Faith & Life

BITE-SIZE THEOLOGY (160): What are the basic requirements to make a marriage work?

January 17, 2022

Rev José Mario O Mandía 

Marriage is a covenant for the sake of the husband and wife and their children (cf CCCC 338). Hence, it should have certain characteristics that guarantee the good of spouses and their offspring. These are: (1) unity; (2) indissolubility; (3) fidelity; and (4) openness to fertility and life (cf CCCC 495). 


Unity means a spiritual and physical union between one man and one woman. “He who made them from the beginning made them male and female” (Matthew 19:4). 

(1.1) They need to be male and female because that is the only way they can be united both physically and spiritually. “For this reason a man shall leave his father and mother and be joined to his wife, and the two shall become one. So they are no longer two but one” (Matthew 19:5-6). 

(1.2) Moreover, only when there is a man and a woman can they “be fruitful and multiply” (Genesis 1:28).


The Youcat (no 263, 1st Edition) gives three reasons why a valid marriage cannot be dissolved. 

“Marriage is triply indissoluble: (2.1) first, because the essence of love is mutual self-giving without reservation; (2.2) second, because it is an image of God’s unconditional faithfulness to his creation; and (2.3) third, because it represents Christ’s devotion to his Church, even unto death on the Cross (Cf CCC 1605, 1612-1617, 1661).”

Saint John Paul II (15 November 1980) once said about the so-called “trial marriages”: “One cannot live a trial life or die a trial death. One cannot love on a trial basis or accept a person on trial and for a limited time.”


The Catechism (1646) teaches that fidelity goes hand in hand with unity and indissolubility: “By its very nature conjugal love requires the inviolable fidelity of the spouses. This is the consequence of the gift of themselves which they make to each other. Love seeks to be definitive; it cannot be an arrangement ‘until further notice.’ The ‘intimate union of marriage, as a mutual giving of two persons, and the good of the children, demand total fidelity from the spouses and require an unbreakable union between them’ (Gaudium et Spes 48 #1).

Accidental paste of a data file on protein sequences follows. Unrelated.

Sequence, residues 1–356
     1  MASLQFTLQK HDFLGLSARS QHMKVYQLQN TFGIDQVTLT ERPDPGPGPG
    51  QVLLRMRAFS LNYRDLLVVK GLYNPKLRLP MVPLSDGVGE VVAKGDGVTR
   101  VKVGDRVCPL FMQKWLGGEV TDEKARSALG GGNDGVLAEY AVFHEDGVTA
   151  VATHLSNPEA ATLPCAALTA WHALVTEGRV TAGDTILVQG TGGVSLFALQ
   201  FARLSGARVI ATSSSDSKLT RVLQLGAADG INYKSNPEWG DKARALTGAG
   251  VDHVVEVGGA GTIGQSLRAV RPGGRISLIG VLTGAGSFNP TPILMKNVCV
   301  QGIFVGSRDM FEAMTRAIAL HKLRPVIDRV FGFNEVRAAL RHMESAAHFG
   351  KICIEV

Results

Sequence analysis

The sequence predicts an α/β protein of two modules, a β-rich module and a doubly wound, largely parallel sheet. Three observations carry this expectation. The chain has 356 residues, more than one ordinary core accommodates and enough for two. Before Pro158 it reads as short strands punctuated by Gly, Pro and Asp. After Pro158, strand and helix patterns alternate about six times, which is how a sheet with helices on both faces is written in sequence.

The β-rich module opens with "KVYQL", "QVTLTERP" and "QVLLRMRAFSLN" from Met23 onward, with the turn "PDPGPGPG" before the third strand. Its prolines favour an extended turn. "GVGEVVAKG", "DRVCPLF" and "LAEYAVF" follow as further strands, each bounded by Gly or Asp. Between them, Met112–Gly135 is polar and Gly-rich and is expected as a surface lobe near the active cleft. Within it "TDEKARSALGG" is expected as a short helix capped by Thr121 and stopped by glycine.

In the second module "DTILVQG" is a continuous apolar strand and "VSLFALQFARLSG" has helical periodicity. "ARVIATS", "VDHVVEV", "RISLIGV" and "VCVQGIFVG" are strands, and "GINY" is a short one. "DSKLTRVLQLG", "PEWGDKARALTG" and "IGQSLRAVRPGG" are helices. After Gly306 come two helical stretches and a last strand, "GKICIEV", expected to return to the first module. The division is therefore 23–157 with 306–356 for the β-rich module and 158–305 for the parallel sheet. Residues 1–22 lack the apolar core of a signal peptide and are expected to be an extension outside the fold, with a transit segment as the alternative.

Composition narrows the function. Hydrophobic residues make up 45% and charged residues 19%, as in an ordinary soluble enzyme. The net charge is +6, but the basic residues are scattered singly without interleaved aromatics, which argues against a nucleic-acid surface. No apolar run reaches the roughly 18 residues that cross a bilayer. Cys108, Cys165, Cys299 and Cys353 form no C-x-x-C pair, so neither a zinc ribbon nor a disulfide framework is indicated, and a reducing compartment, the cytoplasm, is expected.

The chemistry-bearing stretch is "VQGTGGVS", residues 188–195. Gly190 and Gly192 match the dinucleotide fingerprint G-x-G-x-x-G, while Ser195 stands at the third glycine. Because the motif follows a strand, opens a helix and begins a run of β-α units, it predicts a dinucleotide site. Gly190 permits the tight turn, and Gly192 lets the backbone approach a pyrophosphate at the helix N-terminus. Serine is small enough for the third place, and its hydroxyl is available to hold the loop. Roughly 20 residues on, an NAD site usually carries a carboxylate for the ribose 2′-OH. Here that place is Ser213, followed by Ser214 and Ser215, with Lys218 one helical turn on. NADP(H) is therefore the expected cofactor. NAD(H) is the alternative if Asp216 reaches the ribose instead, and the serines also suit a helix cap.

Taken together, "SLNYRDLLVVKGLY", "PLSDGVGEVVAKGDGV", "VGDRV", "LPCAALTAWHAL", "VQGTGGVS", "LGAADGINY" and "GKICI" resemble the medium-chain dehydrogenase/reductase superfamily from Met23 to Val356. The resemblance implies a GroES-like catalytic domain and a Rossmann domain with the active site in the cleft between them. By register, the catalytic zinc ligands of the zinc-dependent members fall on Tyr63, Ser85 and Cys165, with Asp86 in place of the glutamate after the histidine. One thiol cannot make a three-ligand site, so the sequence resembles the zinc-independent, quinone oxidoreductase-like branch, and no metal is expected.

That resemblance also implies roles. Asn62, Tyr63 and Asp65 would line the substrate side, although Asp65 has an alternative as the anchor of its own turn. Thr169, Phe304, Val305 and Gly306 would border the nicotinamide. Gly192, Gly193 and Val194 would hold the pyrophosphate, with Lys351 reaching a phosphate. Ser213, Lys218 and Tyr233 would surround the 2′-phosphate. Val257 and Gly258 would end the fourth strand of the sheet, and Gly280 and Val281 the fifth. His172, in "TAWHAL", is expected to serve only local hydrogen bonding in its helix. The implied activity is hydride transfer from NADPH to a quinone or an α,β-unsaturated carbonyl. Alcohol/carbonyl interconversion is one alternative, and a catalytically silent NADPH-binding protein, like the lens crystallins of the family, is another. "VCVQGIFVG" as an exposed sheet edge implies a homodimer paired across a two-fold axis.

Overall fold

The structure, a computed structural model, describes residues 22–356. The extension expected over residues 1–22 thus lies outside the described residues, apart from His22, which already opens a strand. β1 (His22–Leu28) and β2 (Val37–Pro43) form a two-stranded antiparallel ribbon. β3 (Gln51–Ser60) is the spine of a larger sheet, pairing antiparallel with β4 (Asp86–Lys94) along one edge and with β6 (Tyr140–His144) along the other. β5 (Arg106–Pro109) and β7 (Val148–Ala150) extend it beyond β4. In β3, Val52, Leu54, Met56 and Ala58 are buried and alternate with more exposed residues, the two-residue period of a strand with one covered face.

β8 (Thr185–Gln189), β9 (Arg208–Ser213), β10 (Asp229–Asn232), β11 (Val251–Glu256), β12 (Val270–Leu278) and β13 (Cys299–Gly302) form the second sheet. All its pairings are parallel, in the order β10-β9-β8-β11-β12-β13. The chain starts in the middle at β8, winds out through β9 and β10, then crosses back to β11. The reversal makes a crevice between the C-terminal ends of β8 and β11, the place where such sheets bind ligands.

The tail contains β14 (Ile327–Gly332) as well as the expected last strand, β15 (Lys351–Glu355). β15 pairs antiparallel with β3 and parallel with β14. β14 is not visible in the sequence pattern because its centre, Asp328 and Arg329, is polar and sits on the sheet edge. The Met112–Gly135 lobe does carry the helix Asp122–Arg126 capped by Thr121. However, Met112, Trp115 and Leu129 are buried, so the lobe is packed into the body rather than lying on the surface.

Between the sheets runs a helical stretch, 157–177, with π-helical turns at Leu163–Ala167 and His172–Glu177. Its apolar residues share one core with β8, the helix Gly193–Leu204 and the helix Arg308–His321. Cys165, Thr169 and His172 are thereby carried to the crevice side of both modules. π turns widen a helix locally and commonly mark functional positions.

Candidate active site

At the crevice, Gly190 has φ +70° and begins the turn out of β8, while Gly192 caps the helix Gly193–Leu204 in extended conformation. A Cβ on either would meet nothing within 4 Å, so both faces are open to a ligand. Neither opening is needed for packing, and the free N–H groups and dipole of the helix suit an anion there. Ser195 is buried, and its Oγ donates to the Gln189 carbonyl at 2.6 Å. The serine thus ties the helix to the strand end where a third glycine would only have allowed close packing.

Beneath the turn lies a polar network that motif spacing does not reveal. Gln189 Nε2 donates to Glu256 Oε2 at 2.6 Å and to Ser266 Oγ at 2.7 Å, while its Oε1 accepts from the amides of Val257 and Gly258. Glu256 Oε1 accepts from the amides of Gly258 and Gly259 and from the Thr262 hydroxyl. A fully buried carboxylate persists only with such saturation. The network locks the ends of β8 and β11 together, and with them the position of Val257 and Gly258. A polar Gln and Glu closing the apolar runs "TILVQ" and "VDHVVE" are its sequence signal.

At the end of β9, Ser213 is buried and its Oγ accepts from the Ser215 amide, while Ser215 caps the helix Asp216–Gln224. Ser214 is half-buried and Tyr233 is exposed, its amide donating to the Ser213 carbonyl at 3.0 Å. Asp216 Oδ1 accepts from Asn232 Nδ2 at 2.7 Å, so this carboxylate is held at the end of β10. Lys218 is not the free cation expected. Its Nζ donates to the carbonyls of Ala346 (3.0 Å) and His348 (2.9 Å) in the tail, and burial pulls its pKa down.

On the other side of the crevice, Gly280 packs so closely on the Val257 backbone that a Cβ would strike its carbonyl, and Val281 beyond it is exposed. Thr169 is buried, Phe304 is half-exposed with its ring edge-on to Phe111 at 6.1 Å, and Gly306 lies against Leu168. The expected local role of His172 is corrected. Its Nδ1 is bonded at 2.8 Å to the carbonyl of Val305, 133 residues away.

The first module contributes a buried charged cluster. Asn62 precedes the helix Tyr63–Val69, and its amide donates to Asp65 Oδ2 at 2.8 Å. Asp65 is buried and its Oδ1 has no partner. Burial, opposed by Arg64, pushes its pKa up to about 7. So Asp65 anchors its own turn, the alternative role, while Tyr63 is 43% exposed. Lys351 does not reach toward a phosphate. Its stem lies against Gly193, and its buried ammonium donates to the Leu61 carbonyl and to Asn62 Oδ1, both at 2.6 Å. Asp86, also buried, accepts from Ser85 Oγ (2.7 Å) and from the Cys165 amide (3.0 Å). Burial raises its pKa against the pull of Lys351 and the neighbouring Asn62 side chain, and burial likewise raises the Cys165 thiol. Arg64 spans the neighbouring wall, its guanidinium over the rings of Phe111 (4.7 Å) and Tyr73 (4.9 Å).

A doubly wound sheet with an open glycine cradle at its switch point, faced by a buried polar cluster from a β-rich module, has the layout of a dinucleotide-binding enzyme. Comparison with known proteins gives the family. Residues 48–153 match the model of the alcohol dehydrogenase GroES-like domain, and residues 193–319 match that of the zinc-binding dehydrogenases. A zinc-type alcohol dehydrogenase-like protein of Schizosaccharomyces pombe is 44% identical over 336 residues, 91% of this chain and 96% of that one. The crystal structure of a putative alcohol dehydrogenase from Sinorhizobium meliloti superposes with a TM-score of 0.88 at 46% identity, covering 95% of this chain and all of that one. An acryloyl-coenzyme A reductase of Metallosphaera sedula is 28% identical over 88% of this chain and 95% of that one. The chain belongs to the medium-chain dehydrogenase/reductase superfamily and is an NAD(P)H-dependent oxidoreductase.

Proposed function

What about those people who are divorced and then remarried?

Point 349 of the CCCC explains: “The Church, since she is faithful to her Lord, cannot recognize the union of people who are civilly divorced and remarried. ‘Whoever divorces his wife and marries another, commits adultery against her; and if she divorces her husband and marries another, she commits adultery’ (Mark 10:11-12). The Church manifests an attentive solicitude toward such people and encourages them to a life of faith, prayer, works of charity and the Christian education of their children. However, they cannot receive sacramental absolution, take Holy Communion, or exercise certain ecclesial responsibilities as long as their situation, which objectively contravenes God’s law, persists.”


Children are the fruit of human love and are a gift from God. Aside from bringing new life to the world and cooperating with God’s work of creation, parents are also the principal and first educators of their children (cf CCC 1652-1654).

All the four requirements are of absolute importance and hence, “adultery and polygamy are opposed to the sacrament of matrimony because they contradict the equal dignity of man and woman and the unity and exclusivity of married love” (CCCC 347).

The same point of the CCCC also teaches that divorce “goes against the indissolubility of marriage.”

Furthermore, it states that “deliberate refusal of one’s procreative potential” goes against the sacrament of matrimony because it “deprives conjugal love of the gift of children.”